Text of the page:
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Interactional inteillumination and participation in an additional language learning setting
Örebro University, School of Humanities, Education and Social Sciences.ORCID iD: 0000-0002-1730-5463
2012 (English)Conference paper, Oral presentation with published abstract (Refereed)
Abstract [en]

The effects of language orientation and practices on student classroom participation

As a first point of departure, this study takes a sociocultural perspective on human action as mediated action (Wertsch 1998). This perspective is augmented by a dialogic understanding of language as actualized meaning (Bakhtin 1981, 1986; Morris 1994) and by a social practice theory of learning which views learning as a change in the way people participate in social activity (Lave 1993). Methodologically, the present study aspires to microanalysis, indebted particularly to the principles and procedures of conversation analysis (CA) but amplified by a transcription system designed to make multimodal analysis possible.

The empirical materials analyzed in the study are video recordings of classroom interaction. They are taken from a corpus of video documentation of various subject lessons at an international secondary school in Sweden. Fieldwork involved ‘shadowing’ a class from the end of their 7th year through their 8th year during periods of fieldwork at the school spread at intervals over the academic year.

The research questions relate to the way the study of communication and communication in the classroom have long been dominated by a) a linguistic paradigm (Scollon & Scollon 2009) and b) a monolingual bias (Davies 2003). Education is a language-saturated institution (Watson 1992) and much of the activity in the classroom is conducted in and through talk (Hester & Francis 2000). The first research question therefore runs as: ‘Does the privileging of oral language in classroom communication affect language learners’ opportunities to participate and contribute to classroom activity? If so, how?

Teaching and learning in plurilingual environments provide lucid arenas in which to observe marginalization processes. Since one of the goals of instruction is communicative participation in what is for many students an unfamiliar or alien language, the way non-target language is made interactionally available/unavailable to students and the extent to which the target language becomes their sole passport to interactional arenas are critical to their levels of involvement in classroom activity. Thus the second research question: In what ways does including/excluding non-target language practices affect students’ opportunities to participate in instructional classroom procedures?

Preliminary findings with regard to the first research question suggest that, in the classroom, there is a predominance of activities requiring students to produce verbal responses in the (formal) additional language the subject learning involves. It may be surmised that, when there is a primary orientation by teachers to the language produced or not produced, student responses tend to be assessed in black and white terms rather than for the shades of progress they may evidence. Sensitivity to the variety of communicative resources students may try to use when expressing themselves is likely to promote classroom interaction. With regard to the second research question, findings from, for example, French lessons, suggest that the way the navigational services of a familiar language are used, the manner in which gesture is deployed, both iconically and as a semiotic resource in its own right, and the amount of interactional space teachers allow students are critical practices for enabling students to participate in classroom instruction.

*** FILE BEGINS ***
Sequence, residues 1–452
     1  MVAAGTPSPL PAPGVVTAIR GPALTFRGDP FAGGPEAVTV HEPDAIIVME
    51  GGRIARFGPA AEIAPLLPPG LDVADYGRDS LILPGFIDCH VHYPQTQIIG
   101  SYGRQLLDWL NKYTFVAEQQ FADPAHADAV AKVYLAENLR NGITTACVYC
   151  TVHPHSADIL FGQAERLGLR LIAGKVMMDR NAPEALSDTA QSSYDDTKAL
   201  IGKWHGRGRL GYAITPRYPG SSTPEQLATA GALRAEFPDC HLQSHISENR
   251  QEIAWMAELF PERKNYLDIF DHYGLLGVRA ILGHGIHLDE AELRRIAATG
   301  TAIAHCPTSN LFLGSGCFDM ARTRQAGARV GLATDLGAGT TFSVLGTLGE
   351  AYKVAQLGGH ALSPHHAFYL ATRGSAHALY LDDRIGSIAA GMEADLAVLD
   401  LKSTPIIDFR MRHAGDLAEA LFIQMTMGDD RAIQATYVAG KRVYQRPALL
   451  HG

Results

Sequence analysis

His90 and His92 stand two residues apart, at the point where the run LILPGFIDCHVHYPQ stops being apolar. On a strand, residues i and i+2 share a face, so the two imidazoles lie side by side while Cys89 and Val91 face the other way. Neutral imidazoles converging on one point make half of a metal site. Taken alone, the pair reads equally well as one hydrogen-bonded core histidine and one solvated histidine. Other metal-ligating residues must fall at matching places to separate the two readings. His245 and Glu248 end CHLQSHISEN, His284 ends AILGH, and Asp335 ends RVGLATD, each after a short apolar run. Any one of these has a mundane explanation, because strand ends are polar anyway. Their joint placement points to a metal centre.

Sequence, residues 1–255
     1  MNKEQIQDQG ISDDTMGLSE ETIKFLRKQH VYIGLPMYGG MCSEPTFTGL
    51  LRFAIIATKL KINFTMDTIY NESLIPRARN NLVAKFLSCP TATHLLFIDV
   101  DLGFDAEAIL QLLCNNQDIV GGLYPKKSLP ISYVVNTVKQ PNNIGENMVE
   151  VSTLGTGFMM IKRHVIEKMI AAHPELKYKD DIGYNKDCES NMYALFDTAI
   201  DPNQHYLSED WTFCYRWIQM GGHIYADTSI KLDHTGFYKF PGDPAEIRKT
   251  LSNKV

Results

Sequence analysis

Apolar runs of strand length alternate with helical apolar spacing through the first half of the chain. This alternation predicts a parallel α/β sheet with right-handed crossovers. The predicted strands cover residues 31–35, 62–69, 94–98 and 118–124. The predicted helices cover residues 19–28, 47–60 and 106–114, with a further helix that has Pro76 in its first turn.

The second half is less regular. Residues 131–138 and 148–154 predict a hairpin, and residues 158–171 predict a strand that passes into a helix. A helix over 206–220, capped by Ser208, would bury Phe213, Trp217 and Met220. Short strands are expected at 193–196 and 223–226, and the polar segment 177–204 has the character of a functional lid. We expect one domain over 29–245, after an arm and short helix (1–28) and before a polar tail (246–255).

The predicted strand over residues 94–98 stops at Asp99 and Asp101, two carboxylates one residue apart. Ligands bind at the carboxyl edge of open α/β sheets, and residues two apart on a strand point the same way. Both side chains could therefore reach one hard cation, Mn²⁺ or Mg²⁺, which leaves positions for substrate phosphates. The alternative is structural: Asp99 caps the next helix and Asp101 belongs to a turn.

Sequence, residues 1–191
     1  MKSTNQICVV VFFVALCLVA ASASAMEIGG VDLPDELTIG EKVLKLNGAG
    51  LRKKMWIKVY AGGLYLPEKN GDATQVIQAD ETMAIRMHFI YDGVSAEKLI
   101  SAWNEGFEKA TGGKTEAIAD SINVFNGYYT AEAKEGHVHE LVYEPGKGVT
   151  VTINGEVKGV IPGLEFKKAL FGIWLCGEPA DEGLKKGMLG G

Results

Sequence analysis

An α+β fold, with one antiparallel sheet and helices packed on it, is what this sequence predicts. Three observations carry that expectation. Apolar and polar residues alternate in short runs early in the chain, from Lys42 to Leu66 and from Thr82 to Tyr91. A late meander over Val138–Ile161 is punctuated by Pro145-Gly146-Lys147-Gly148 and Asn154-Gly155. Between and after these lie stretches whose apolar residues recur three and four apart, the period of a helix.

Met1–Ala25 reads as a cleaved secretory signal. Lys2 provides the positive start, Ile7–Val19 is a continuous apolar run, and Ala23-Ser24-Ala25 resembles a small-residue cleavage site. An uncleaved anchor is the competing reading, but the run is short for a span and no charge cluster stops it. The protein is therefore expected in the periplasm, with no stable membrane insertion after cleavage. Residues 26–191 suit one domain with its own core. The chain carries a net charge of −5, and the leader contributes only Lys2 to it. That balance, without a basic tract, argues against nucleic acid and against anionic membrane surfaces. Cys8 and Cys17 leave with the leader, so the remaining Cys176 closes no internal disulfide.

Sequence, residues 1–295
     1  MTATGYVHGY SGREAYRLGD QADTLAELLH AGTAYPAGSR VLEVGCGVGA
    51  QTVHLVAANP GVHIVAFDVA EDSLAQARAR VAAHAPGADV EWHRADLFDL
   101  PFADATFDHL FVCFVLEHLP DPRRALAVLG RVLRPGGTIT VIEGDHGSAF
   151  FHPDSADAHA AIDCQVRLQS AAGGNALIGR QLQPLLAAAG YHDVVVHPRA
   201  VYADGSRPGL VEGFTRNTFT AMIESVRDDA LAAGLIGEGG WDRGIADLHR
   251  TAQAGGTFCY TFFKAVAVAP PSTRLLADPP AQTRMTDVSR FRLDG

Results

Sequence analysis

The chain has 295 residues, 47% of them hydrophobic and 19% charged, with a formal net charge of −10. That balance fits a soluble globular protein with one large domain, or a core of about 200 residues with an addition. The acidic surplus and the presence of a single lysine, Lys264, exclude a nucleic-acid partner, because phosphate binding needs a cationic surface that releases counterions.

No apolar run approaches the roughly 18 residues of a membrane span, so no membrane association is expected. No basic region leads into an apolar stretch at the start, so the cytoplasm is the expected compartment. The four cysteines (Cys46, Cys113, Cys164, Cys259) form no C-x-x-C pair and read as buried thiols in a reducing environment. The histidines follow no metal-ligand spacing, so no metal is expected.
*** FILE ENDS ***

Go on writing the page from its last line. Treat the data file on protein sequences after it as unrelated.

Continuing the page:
The study relates to MP 2012 in that it extends marginalization/inclusion issues into microanalysis of classroom interaction where participation has been assumed as a condition of learning subject content (e.g. Salhström 1999). From a dialogic perspective, all school subject lessons involve learning additional language(s); any stance that makes the ability to wield such language in the throes of learning it the sole criterion of success and failure at school in attempts to grasp a subject risks marginalizing individuals educationally. 

 

Place, publisher, year, edition, pages
2012.
National Category
Pedagogy Learning
Research subject
Education
Identifiers
URN: urn:nbn:se:oru:diva-69107OAI: oai:DiVA.org:oru-69107DiVA, id: diva2:1251844
Conference
"Marginalization Processes", International multidisciplinary workshop, Örebro, Sweden, April 26-28, 2012
Available from: 2018-09-28 Created: 2018-09-28 Last updated: 2019-03-04Bibliographically approved

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St John, Oliver

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CiteExportLink to record
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